Can I revoke a power of attorney?Your power of attorney appoints one or more individuals to have the authority to make financial and legal decisions on your behalf. Your attorney can continue to act until they are made aware of the termination of their appointment. To do this, you revocation must be in writing, signed by you and witnessed. If you have an enduring power of attorney, it continues once you lose capacity which is why it is important that in the event you wish to revoke this document, you do so whilst you still have mental capacity otherwise this opportunity will be lost. If you have registered your Power of Attorney with NSW Land Registry Services, you must also register the revocation with the Registry.
Can a power of attorney still be made after I lose capacity?Unfortunately, no. Once a person has lost their mental capacity, they will lose their ability to instruct a solicitor to prepare legal documents on their behalf. If you are a resident of NSW, your family or loved ones will need to apply to the NSW Civil and Administrative Tribunal (NCAT) to apply for a guardianship order. This can be stressful and time-consuming. NCAT will then decide whether or not the person who is applying should be allowed to manage your affairs. There is no guarantee that they will agree and may make an order appointing someone else including the NSW Public Trustee & Guardian.
Who should I appoint as my Attorney?Generally speaking, while it is good to include your spouse or siblings, consider the fact that they may not be around or have the mental capacity themselves to manage your financial affairs. You need to ensure that whomever you appoint, you trust that they will act in your best interests. Ideally, wherever possible, you should appoint two attorney’s and a substitute attorney should one or both of your primary attorneys be unable or unwilling to act.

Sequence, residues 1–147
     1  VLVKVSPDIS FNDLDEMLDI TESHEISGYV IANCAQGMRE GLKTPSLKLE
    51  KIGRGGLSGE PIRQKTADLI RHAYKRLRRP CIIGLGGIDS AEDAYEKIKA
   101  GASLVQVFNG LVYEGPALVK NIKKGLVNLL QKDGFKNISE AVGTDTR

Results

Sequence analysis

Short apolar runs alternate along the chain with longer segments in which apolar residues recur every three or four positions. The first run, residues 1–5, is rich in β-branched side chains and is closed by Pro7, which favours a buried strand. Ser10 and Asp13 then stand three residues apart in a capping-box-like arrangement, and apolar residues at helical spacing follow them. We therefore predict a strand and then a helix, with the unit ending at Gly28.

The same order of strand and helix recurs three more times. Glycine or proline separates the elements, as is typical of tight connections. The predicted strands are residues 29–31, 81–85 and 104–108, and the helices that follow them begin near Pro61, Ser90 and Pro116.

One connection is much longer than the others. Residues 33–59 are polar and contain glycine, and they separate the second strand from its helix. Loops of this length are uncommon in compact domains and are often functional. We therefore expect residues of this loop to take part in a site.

Do I need to register a power of attorney in NSW?If your power of attorney will require your attorney to deal with property, yes, it must be registered with NSW Lands and Titles Office.
Can someone with power of attorney withdraw money?Yes. A power of attorney is a legal document that allows you to appoint a person or people (your attorney’s) to manage your financial and legal affairs. This means withdrawing and depositing money in your bank accounts and any income you receive. If you appoint more than one attorney to act jointly and severally, you can include a condition such that any withdrawals above a certain amount requires your attorneys to act jointly.
What are the disadvantages of power of attorney?One major downfall of a POA is the agent may act in ways or do things that the principal had not intended. There is no direct oversight of the agent's activities by anyone other than you, the principal. This can lend a hand to situations such as elder financial abuse and/or fraud.
Is it worth having power of attorney?Indeed, a power of attorney forms a vital part of your estate preparation along with your Will and Testament and Enduring Guardianship. Unlike a Will however which only comes into effect once you die, your enduring power of attorney and enduring guardianship are effective whilst you are still alive but have lost mental capacity to take care of your own financial, legal and lifestyle/health decisions. Once you lose capacity however, you also lose your ability to instruct a solicitor to prepare your documents which is why it is so important to do this whilst you still have the mental capacity to do so.